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India's Soundtracks Get Down, Dirty : Pop music: Trend dubbed 'rustic raunch' clashes with the official prudishness and hushed-up sexuality that have taken root in the land that once produced the Kama Sutra.


NEW DELHI — First there's the rhythm line, as unsubtle as a panting steam locomotive. Then the singer's sultry voice, earthy and suggestive: "What's beneath my blouse?" Ila Arun croons temptingly. What indeed?

"My heart is beneath my blouse," she warbles in reply to her own question. "And this heart, I will give it to my beloved."

Grunge or gangsta rap it's not. But Arun's spicy Hindi-language tune about the secrets hidden by her choli , or bare-belly Rajasthani blouse, has become a controversial smash in India and brought a revolution in the usually staid, syrupy soundtracks of mass-market movies here.

"When you hear this music, you're tempted to go see the film it comes from on the big screen," Nandita Baruah, a New Delhi-based research associate, says enthusiastically.

To lure more members of her "MTV generation" to the theater, the 28-year-old Baruah says, Indian producers are now getting down and dirty.

Most Americans might not think so. But Indian cinema was once so strait-laced that it preferred to show a pair of doves contentedly cooing or two flowers blooming in time-lapse photography to symbolize the hero and heroine going into a torrid clutch.

Arun has shaken things up with a modernized and suggestive off-screen folk tune that helped make a hit out of the movie "Khalnayak" ("The Villain") by being released beforehand as a cassette and a music video.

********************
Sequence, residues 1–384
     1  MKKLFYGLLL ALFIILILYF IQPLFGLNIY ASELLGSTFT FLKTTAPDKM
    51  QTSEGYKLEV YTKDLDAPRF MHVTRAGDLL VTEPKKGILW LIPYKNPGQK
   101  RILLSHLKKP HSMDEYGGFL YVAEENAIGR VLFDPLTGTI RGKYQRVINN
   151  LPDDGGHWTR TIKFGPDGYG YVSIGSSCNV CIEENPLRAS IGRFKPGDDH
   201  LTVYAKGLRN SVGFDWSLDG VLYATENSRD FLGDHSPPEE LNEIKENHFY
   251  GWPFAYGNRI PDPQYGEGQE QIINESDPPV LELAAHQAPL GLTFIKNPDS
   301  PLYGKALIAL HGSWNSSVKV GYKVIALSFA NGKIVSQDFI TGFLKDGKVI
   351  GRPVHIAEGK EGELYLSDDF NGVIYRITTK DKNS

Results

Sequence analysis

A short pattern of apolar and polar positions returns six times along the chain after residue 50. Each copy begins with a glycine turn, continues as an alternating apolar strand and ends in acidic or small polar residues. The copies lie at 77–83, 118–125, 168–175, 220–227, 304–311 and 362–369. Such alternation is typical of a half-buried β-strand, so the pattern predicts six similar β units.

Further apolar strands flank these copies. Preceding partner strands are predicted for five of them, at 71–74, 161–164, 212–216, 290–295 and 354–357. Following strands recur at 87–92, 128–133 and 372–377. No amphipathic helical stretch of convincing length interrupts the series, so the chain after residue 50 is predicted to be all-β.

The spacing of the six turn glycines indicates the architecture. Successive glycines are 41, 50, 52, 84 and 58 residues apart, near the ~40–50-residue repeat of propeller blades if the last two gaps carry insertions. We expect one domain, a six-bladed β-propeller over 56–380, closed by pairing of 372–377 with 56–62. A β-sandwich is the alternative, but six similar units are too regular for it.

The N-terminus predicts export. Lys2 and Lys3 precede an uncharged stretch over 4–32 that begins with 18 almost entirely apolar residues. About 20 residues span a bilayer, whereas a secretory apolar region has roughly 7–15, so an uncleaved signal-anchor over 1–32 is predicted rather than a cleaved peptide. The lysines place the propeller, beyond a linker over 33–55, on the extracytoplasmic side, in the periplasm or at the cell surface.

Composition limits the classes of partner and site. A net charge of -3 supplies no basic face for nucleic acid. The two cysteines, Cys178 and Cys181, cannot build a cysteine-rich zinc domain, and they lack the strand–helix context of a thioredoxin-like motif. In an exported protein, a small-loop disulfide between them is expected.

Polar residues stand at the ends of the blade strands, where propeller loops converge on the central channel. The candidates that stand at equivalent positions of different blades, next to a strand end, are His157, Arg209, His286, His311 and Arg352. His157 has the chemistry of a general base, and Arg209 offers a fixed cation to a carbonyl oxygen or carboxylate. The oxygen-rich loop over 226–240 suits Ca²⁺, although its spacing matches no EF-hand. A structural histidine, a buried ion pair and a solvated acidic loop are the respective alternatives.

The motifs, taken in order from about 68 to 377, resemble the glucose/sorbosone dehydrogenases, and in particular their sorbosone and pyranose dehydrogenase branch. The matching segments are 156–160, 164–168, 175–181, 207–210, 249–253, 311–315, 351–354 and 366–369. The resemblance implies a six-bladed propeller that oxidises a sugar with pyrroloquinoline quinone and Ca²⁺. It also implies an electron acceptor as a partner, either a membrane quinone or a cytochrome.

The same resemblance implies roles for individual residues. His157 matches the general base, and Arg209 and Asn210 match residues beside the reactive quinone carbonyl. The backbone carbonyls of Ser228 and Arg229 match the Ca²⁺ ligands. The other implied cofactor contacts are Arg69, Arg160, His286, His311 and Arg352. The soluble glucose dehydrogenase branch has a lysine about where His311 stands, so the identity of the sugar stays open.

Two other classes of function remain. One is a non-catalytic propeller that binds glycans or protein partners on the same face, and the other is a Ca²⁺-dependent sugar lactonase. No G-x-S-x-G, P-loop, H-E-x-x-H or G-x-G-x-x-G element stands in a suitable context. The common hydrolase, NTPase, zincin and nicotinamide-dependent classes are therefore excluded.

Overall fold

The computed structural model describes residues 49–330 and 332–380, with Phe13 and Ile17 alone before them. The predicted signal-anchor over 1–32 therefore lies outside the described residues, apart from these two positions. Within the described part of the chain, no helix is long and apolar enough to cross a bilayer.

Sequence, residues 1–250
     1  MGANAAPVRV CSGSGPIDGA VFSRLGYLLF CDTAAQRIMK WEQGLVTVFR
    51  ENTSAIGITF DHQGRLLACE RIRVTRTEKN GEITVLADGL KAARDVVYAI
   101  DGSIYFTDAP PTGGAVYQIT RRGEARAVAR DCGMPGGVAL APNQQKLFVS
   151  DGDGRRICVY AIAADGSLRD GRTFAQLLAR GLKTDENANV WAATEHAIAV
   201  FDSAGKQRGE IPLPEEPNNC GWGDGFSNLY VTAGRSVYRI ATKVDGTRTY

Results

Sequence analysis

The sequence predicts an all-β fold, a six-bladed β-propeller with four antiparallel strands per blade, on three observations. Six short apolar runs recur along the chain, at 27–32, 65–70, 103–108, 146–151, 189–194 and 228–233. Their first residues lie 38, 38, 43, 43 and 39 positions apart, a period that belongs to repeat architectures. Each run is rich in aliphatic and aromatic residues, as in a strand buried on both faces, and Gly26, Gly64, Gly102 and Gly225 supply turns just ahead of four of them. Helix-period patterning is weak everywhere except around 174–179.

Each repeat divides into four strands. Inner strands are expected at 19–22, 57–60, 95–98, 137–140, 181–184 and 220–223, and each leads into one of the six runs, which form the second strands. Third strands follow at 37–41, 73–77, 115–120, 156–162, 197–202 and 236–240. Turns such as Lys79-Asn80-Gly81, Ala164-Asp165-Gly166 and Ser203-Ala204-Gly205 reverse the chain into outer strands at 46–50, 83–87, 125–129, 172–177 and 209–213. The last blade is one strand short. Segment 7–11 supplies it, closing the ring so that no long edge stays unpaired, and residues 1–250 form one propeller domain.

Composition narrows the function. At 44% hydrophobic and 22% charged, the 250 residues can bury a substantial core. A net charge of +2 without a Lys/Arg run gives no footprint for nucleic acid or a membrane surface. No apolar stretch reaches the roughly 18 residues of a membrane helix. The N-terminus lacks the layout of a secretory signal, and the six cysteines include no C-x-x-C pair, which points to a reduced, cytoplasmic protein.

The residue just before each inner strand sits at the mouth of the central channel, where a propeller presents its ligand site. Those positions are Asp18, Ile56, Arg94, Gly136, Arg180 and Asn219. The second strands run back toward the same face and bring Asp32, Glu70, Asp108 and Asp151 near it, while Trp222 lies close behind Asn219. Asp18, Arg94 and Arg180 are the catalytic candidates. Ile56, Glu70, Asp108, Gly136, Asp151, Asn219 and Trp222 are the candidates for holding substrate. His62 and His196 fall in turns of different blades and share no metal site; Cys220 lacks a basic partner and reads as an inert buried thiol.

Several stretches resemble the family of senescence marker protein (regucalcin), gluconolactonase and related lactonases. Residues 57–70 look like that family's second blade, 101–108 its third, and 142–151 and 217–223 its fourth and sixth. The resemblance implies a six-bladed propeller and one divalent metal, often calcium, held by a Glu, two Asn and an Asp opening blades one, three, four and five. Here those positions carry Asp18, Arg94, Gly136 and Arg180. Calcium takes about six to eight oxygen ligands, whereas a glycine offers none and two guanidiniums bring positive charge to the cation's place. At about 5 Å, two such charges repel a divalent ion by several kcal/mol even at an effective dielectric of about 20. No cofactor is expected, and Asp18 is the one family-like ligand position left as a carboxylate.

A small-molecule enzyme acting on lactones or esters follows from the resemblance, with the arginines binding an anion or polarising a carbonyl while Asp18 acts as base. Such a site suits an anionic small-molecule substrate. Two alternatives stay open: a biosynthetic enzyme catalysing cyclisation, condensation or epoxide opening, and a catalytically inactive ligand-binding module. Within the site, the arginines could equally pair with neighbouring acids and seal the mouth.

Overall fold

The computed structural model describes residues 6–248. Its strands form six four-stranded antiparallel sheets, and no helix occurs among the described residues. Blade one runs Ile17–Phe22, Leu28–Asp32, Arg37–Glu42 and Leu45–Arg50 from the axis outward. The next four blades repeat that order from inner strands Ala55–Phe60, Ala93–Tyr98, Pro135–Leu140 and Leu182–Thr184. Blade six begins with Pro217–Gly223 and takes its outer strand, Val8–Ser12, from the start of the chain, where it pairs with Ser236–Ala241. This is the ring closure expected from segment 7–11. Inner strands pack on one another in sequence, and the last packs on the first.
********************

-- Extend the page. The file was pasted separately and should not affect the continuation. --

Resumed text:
Seeing long lines form for "Khalnayak," Bombay's cinema barons took notice. "Going by the evidence, 1994 is going to be the year of smutty lyrics," Amode Mehra, who helps compile and grade songs for a televised hit parade, has predicted.

Already on Indian screens, or reported to be on the way, are production numbers based on traditional folk ditties with these words, utilizing double entendres and pregnant pauses:

* "I am a train, please give me a push, my engine is hot, please give me a push. . . ."

* "I'll put it . . . I'll put it my darling . . . I'll put a nine- lakh (900,000 rupee) necklace around your neck."

(And this one, which uses metaphors from the sport of cricket:)

* "Yesterday my lover bowled such a torrid spell, I couldn't sleep a wink all night; four times I hit the ball, the fifth I couldn't handle."

"These people think, if 'Khalnayak' could sell because of 'Choli,' then the public probably wants more," Arun said proudly in an interview.

India Today magazine has christened the emerging trend in pop music "rustic raunch," since it clashes with the official prudishness and hushed-up sexuality that have taken root in the land that once produced the Kama Sutra.

Some of the post-"Choli' tunes are considered sufficiently risque to have been banned from All India Radio. But they circulate anyway on cassettes or in their video version on privately owned Zee TV. Some Indians think they epitomize a more relaxed attitude about sex, others, like Baruah, that they could be just a short-lived fad.


Folk tunes in regions of India like Arun's native Rajasthan often have suggestive, even bawdy lyrics. Since the smash hit "Beneath My Choli," she has gone on to sing a steamy video version of "Bicchu," or "Scorpion," which likens the first experience of physical love to the arachnid's sting.

Her latest soundtrack shocker is from a movie called "Dalaal" ("The Broker"). With the male and female leads dancing and female extras lifting their saris archly in the background, Arun sings off camera: "He climbed on top of me . . . the pigeon on the terrace."

The Bombay-based entertainer, who plans to tour California this summer, is proud to be reviving some of India's less genteel traditions. She scoffs at the suggestion that her popularity means a decline in public morals.

"We Indians know how to have fun," Arun said. "In Hindi, you know, you can't judge a song by its first line. It's the lyricist's intelligence that can make you wonder."

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